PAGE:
Before moving over to adding some really stunning CSS transitioning effects to our slider, starting from the next Slider Effects unit, we would first take out some time to polish it in its styles that currently aren't that appealing. And that's what this chapter is all about.

In this chapter we shall first add some styles to .slider-cont, and then hop on to improve the look and feel of our navigation buttons using an icon font and some solid CSS positioning skills.

So what are we waiting for? Let's begin!

Resizing .slider-cont

In all the previous chapters, the main container for our slider - the .slider-cont element - had a fixed width.

As you might realise, this is bad - especially given the fact that we have responsive designing right at our dispense in modern-day CSS. What we should do instead is use a relative width and therefore allow the slider to fit in any device width.

This is possible using percentage dimension values such as 20%, 60% and so on.

Following we change .slider-cont's width from a fixed value to a responsive, percentage value:

.slider-cont {
    position: relative;
    width: 100%;

Live Example

For more info on percentage widths, please refer to the chapter on CSS Dimensions - Basics.

Better navigation buttons

Now let's dive into our second requirement of making the navigation buttons look visually appealing. In the previous sliders we had a simple and native look for our navigation buttons, but that wouldn't do in this case - now we have to build something more stunning!

What we will be doing with regards to our navigation buttons is very iconic..

Simply replace the text within these buttons with icons.

Icons picturise long stories in short words, and so instead of using the names Backward or Forward for our left and right buttons, we can simply give them left and right arrow icons to symbolise the same meaning.

We'll be using icons from the Font Awesome icon pack. Font Awesome provides a whole list of stunning icons for us to use, in the form of a font.

The idea of icons inside fonts is very common these days and even quite handy - icon fonts work just like normal fonts, such as 'Times New Roman', do. They can be scaled up and down using font-size without pixelating, colored using the color property and so on.

Therefore we choose an icon font for now.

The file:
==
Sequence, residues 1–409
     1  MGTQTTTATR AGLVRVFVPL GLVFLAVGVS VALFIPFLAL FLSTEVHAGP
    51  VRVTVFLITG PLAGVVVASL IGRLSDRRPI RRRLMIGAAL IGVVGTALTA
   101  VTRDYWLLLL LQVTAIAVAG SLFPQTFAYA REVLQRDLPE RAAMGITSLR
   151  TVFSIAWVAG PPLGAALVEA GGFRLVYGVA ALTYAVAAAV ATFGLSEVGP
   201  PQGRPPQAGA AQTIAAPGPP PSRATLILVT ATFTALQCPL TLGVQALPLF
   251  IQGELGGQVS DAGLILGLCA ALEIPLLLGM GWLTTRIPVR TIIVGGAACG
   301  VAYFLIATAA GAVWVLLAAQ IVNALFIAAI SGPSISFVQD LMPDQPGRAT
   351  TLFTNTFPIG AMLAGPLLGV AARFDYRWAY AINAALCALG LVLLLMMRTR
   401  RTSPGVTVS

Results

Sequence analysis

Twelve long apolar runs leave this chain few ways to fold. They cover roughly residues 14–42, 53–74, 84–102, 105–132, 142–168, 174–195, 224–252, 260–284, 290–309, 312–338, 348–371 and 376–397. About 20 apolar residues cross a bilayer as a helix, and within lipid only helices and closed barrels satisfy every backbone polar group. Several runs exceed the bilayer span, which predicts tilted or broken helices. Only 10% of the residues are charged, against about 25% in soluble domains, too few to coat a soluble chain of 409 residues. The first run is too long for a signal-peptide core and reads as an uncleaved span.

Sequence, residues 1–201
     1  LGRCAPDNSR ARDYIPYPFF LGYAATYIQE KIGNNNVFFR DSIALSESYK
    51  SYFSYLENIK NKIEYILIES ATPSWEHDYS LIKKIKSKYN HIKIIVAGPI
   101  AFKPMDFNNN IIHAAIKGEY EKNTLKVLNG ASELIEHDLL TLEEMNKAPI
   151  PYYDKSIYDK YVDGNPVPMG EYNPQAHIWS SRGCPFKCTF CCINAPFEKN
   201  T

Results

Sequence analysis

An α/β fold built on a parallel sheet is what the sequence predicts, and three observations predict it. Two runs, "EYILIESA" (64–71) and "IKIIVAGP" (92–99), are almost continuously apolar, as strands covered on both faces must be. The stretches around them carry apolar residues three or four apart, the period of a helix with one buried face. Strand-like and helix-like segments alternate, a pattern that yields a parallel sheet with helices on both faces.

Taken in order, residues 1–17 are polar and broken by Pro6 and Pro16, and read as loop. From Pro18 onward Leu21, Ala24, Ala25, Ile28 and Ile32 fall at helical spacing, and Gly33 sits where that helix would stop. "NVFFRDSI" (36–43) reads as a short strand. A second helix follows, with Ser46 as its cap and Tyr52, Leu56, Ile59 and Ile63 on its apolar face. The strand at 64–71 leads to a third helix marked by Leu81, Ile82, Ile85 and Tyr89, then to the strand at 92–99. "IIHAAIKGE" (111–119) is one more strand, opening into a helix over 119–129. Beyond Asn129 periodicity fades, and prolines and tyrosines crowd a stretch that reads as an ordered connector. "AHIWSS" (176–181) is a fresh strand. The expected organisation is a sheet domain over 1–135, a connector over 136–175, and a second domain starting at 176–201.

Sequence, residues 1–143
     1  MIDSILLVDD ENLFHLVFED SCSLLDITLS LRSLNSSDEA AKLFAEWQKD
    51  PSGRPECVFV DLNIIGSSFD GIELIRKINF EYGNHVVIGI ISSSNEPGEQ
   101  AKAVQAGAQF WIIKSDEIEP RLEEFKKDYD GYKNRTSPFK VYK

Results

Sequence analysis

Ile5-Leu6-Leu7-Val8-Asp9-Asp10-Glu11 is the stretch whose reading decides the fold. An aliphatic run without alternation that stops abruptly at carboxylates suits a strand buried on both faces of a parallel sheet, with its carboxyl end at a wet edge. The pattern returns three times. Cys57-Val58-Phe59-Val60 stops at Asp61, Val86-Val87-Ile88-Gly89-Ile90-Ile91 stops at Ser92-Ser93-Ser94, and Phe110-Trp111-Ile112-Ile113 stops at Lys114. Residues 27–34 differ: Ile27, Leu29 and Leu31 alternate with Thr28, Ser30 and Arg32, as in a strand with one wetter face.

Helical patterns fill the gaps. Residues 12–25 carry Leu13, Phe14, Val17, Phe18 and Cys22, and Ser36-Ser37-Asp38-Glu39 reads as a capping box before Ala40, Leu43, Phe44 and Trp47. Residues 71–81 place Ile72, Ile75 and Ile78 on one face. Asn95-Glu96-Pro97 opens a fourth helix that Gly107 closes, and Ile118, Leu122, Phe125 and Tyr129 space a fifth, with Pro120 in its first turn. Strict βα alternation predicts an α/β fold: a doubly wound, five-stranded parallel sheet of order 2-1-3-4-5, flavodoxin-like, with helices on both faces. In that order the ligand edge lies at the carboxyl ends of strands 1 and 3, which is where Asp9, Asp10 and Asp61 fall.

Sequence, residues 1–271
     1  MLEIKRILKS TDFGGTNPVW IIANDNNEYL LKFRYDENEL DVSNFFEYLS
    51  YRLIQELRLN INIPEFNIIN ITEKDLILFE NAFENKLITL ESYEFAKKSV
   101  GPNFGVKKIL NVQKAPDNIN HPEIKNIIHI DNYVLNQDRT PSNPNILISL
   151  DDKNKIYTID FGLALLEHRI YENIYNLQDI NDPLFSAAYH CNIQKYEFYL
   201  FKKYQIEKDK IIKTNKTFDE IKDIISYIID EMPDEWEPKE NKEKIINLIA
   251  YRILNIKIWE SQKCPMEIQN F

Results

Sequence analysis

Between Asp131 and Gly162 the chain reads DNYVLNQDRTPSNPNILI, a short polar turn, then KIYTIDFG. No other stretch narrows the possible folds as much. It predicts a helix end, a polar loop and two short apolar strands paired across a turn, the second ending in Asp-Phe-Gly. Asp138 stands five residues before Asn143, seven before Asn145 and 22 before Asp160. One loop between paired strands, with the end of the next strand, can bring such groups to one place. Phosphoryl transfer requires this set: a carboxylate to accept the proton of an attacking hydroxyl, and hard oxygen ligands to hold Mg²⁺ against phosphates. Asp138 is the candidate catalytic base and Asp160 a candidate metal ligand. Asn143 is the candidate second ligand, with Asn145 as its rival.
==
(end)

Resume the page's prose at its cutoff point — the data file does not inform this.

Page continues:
However, you can go with anything you like: create your own vector images or just simply use the angle bracket symbols using HTML entities > (>), or better yet some other crazy entities such as (⟩), » (»).

To import the font pack, we just have to link to Font Awesome's CSS file using the <link> tag.

Then to show a given icon, we have to assign a class to the element i and inline it in the place where we want the icon to appear. Since we want the icon to appear within our button, it'll go inside the <button> element.

Summing all this we arrive at the following code:

<button class="slider-nav slider-nav-left"><i class="fas fa-angle-left"></i></button>
<button class="slider-nav slider-nav-right"><i class="fas fa-angle-right"></i></button>

Notice that we've added two new classes in this markup: .slider-nav-left corresponds to all left buttons, and similarly .slider-nav-right corresponds to all right buttons.

These two classes will help in selecting, and therefore styling, the buttons more easily.

Live Example

Amazing! Now we have icons in our buttons. But the buttons need more CSS styling therapy to make them even more amazing.

Since we've used font-based icons we will use font related properties to size them. For your case you can do essentially the same thing with images too, if you've used them instead.

.slider-nav {
    /* Remove default styles */
    outline: none;
    border: 0;
    background: transparent;
    /* Remove default styles */

    position: absolute;
    display: block;
    top: 0;
    padding: 0px 40px;
    height: 100%;

    cursor: pointer;
    font-size: 35px;
    color: white;
    transition: 0.2s ease-in-out;
.slider-nav-left {
   left: 0
.slider-nav-right {
   right: 0

Lines 3-5 here serve to override the existing styles of buttons in user agent stylesheets.

Lines 8-12 serve to layout the buttons to the positions we want them to be at.

Lines 14-17 are just for a personal preference of styling. Line 17 is essentially added for giving a smooth transition to the hover state of the buttons.

And now just for that extra cheese on top of the pizza, we will give the hover states of the buttons a box shadow effect:

.slider-nav-left:hover { 
    box-shadow: inset 50px 0px 100px -55px rgba(0, 0, 0, 0.5);
.slider-nav-right:hover {
    box-shadow: inset -50px 0px 100px -55px rgba(0, 0, 0, 0.5);

When the mouse pointer is brought over one of the buttons, a slight inset shadow appears smoothly indicating the interactivity of the button.

Check all this out below!

Live Example

Pagination circles

Uptil now we've had our pagination circles aligned to the left of their container, but it is now that we will change them to center align in it. And this would be the job of just one property - text-align.

Moreover we will also give the circles a pointer cursor to indicate that they are interactive elements.

.pagination { 
    text-align: center
.pagination span { 
    cursor: pointer;

Final Result

And with all these minor changes applied to our slider the final result looks really stunning - just like a real slider. Go check it out.

However note that the example below that we've linked to, has the variable automate = false and thus you won't see any automatic sliding or progress bars.

Better styled slider